According to findings published by the UK’s Technology Strategy Board, a group of over 300 drivers was studied to determine the amount of time that was required to become less fearful of running out of electricity while driving an electric vehicle. Before the study started, 100 percent of the electric vehicle owners stated that they were concerned about the amount of power for driving long distances. After the first three months of the study, researchers found that the amount of people fearful about a power outage while driving dropped by 35 percent. In addition, 8 percent of the people in the study allowed the battery to drop below 50 percent after the initial 3 months.
The entire study lasted over two years and watched users travel on over 110,000 journeys amounting to nearly 680,000 miles. Ninety-five percent of drivers found that driving the electric vehicle felt no different than driving a gasoline powered car. Prior to the trial, about 15 percent of expected the electric cars to perform better than their personal care, but that percentage rose to one in every four drivers after the first three months. The most typical daily mileage for electric vehicle drivers was between 23 to 25 miles a trip and the maximum journey in the study was over 100 miles.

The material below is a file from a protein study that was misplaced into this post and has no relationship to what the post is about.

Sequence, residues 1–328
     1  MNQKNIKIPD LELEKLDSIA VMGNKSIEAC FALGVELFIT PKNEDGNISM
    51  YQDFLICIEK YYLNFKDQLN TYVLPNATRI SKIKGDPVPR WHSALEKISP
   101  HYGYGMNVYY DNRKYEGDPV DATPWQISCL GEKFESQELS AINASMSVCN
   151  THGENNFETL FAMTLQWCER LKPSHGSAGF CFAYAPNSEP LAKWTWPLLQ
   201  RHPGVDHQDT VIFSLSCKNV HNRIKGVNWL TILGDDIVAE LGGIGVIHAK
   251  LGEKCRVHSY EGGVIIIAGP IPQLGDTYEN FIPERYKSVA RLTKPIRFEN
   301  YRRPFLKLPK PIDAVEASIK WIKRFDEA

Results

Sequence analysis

After the initial three months, 73 percent of drivers found that the speed of charging fits their daily routine and 88 percent of drivers found the car to be just as safe as driving a gasoline powered. Over 80 percent of the group preferred the low noise of electric vehicles and concerns about low noise being a problem in regards to road safety dropped considerably. Previous to the study, 96 percent of participants were concerned that trips in an electric vehicle would require extensive planning. That figure dropped to 35 percent of the group after the initial three months of driving.